“I’m not sure that he always appreciates just where he can take us…. He doesn’t mind being a backup singer and maybe at times, too much.”

    – Miscellaneous thoughts from Rockets head coach Jeff Van Gundy, 4/23/04

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What they said: March 2004

Wednesday, March 31st, 2004
by John

“He’s a good player, but at 7-7, he’s just doing what he’s supposed to do. So, it’s not that I’m going to say I’m not impressed, but at 7-7 you’re supposed to shoot over whoever’s sticking you. He’s a long, long drink of water. I probably won’t help out [on the defensive end] as much. I’ll probably lean on him a little more, get him tired. And hopefully in the fourth quarter I’ll have a little more than he will.”

“I’m just going to try to stay in front of him. If he scores, he scores. Hopefully, I can get the opportunity to go back at him. Whenever you’re playing somebody that’s a scorer, you have to make them work on both ends. So, if those guys are coming down shooting and not playing defense, then he’s probably going to have a big night.

“But I guarantee he won’t stick me one-on-one. I guarantee you that. They have to double- and triple- and do that. We play him straight up…. I think I can affect his shot most of the time.”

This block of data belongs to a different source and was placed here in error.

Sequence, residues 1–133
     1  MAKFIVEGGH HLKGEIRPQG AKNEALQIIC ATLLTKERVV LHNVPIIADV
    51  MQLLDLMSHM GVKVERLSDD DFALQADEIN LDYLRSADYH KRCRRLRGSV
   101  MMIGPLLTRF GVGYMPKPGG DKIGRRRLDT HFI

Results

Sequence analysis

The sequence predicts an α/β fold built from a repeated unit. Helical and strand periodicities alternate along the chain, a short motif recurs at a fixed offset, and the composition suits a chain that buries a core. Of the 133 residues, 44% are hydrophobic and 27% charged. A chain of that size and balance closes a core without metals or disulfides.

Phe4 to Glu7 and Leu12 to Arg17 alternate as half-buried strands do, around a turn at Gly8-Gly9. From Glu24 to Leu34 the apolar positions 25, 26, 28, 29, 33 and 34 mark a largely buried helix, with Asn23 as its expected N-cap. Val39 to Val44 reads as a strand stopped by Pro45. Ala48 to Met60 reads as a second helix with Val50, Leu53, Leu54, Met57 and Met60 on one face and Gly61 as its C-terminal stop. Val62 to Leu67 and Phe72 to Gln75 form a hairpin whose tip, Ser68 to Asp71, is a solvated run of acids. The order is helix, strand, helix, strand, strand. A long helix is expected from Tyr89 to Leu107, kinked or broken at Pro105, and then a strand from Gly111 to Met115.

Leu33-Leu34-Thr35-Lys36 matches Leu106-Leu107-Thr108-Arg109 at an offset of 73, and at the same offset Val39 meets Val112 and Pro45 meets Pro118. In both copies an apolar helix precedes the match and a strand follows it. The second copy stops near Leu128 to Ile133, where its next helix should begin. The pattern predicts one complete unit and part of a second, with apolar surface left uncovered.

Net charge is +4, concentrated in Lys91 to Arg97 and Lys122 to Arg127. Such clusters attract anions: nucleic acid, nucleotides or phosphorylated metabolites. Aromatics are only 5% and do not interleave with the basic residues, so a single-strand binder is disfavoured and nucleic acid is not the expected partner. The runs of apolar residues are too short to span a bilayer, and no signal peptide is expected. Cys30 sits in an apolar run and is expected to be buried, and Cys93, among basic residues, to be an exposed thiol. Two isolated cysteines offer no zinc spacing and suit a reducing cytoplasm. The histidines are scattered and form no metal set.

– Shaquille O’Neal before his matchup against Yao on April 1st, 3/31/04

“It’s not just bad for Yao; it’s bad for our organization. We do not deserve to be penalized because he is 7-6 and has a wonderful attitude and respect toward officials. Again, I’m not begging, but it’s impossible. As much as we go to him, it’s impossible.”

“It’s inequity; it really is. Yao Ming does not get officiated correctly. Plain and simple, Milwaukee (on Sunday), three flops, three offensive fouls. Last game, no free throws. That doesn’t spark outrage, but if that was another center or another player, he’d be kicking the ball into the stands. It’s a joke. It’s really a joke.”

“He’s hard to officiate, but I feel it’s like saying some team is hard to prepare for as a coach. We get paid for it. I don’t know what that means. If it’s so easy, all of us could do it. O’Neal deserves his free throws. Believe me, he deserves his free throws. Probably more. All I’m saying is it’s impossible what is happening (to Yao).

“I don’t know why it’s happening. All I know is I’m right. I don’t know the reasons. I don’t know know the psychology. I just know I’m watching, he’s getting fouled, he should be living on the line, and it’s not happening.”

“(Yao’s) very easy to officiate, because no matter what you do, he’s just going to walk to the other end. He’s not going to make a stand. He’s not going to get a technical foul. He’s not going to kick a ball in the stands. And I applaud him for that. But he’s also being taken advantage of for his kindness and his respect, and he’s not being given the respect back.”

    – Rockets’ Head Coach Jeff Van Gundy on Yao not getting the calls he deserves, 3/31/04